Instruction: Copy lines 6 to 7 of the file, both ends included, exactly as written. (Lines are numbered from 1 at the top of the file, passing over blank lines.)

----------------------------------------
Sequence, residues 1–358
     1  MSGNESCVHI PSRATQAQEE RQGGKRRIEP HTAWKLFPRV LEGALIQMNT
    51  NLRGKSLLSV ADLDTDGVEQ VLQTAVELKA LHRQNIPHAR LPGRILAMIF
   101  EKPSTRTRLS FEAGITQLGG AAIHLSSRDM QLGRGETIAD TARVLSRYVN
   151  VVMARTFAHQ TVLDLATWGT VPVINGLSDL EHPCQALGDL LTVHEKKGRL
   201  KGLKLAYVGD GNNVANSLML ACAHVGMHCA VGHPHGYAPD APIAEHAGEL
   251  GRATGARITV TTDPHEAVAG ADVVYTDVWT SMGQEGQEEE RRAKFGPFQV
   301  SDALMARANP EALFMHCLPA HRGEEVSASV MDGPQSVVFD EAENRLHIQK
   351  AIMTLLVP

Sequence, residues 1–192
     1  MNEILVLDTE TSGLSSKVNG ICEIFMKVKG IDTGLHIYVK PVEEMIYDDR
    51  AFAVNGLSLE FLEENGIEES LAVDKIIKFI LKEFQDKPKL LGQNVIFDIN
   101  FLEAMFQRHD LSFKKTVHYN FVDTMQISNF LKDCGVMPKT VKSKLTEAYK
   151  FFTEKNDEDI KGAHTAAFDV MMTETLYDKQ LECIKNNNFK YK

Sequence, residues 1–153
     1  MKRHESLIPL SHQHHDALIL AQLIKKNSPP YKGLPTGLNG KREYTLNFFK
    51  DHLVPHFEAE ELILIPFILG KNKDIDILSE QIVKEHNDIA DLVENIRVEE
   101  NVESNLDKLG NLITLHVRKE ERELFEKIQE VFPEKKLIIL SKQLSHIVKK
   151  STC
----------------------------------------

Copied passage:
   201  KGLKLAYVGD GNNVANSLML ACAHVGMHCA VGHPHGYAPD APIAEHAGEL
   251  GRATGARITV TTDPHEAVAG ADVVYTDVWT SMGQEGQEEE RRAKFGPFQV